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Brooks Center to host orchestra from Ukraine, seeks donations to offer free tickets to local refugees


As war in Ukraine makes continued headlines around the world, a resolute group of musicians has pledged to carry the spirit of their homeland out of their conflict-torn cities and across the United States as cultural ambassadors for their country. The Lviv National Philharmonic Orchestra of Ukraine will bring that spirit to the Brooks Center for the Performing Arts on January 24, 2023, as part of a 40-date U.S. tour.

Janice Crews, executive director of the Brooks Center, said she hopes that community support will bring a large group of Ukrainians together in a foreign place and lift the spirits of everyone in the audience and on the stage alike.

Ripple effects from the war have reached nearly every corner of the globe, and at least 1,340 Ukrainian refugees have made their way to temporary safety in the Upstate, according to Amberly Chirolla, the Greenville resettlement director for Lutheran Services Carolinas. The Brooks Center is seeking donations to offer as many as 250 of those refugees and their host families tickets to attend the Clemson musical event.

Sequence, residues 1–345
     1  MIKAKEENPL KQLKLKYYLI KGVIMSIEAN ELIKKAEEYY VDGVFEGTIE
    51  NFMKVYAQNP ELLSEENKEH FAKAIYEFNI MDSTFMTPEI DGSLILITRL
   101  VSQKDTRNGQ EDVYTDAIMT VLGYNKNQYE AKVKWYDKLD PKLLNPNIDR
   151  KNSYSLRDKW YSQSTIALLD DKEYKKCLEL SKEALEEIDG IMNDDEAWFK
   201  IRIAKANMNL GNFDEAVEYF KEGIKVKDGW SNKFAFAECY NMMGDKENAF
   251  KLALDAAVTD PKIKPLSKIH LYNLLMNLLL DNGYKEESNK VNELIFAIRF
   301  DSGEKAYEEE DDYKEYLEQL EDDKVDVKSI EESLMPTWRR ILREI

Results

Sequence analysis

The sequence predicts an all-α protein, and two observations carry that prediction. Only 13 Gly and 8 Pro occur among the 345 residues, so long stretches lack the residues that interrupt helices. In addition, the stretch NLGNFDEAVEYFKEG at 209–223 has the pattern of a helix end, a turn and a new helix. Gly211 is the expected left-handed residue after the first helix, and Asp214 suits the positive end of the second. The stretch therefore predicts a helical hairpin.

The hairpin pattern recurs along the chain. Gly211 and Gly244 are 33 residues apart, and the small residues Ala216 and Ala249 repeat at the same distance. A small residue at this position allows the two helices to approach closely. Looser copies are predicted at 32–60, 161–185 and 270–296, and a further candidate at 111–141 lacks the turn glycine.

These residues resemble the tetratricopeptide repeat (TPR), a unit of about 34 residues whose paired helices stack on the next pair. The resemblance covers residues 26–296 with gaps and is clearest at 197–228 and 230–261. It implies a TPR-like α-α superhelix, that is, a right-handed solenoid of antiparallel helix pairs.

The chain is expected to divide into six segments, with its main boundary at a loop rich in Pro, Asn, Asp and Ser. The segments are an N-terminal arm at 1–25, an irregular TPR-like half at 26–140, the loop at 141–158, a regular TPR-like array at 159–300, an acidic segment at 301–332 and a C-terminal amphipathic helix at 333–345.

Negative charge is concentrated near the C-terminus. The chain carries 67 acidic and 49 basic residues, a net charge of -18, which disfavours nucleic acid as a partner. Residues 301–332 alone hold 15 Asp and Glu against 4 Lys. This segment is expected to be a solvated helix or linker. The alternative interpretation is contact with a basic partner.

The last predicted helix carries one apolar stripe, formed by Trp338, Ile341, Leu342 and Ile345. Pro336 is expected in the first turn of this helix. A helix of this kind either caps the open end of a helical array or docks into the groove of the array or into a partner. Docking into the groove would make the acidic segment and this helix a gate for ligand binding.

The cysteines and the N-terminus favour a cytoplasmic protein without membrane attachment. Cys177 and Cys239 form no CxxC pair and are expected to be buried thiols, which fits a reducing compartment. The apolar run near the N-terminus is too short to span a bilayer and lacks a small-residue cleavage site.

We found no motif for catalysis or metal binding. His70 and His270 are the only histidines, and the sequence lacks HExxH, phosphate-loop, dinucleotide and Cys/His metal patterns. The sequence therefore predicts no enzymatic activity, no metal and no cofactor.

“I recently saw a post on social media by a local woman asking for help with beds, clothes and toys for six Ukrainian relatives who were coming to live with her indefinitely,” said Crews. “The outpouring of generosity she received was so touching, and it sparked the idea to invite displaced Ukrainians to our concert, along with their host families. I hope the music brings them peace and that they feel warmly welcomed here in Clemson.”

The orchestra is one of the oldest in Ukraine and has toured the world, including Poland, Italy, Spain, France, Switzerland, Germany, the Netherlands and The People’s Republic of China. During the past several seasons they have completed highly acclaimed recordings for major international labels including Naxos, Toccata Classics and Brilliant Classics.

The orchestra is conducted by American conductor of Ukrainian origin, Theodore Kuchar, who said getting in and out of Ukraine is a luxury few have right now, and every member of the orchestra will be leaving their families behind under incredibly difficult circumstances.

They see this tour as a sacred duty.

“My colleagues and I represent the country and its culture as Ukraine’s preeminent cultural ambassadors,” said Kuchar. “Of course, life in Ukraine at present is extremely difficult, both in terms of survival but also in a practical sense. Members of the orchestra, or their spouses or family members, have voluntarily served in the armed forces. Many have returned, some have not. Someone has lost an arm, somebody a leg. Absolutely nothing can be taken for granted and you never know who may be present in what audience — never! Our program at Clemson University presents the combination of repertoire that motivated each of my colleagues to devoting our lives to becoming highly skilled, classical performers.”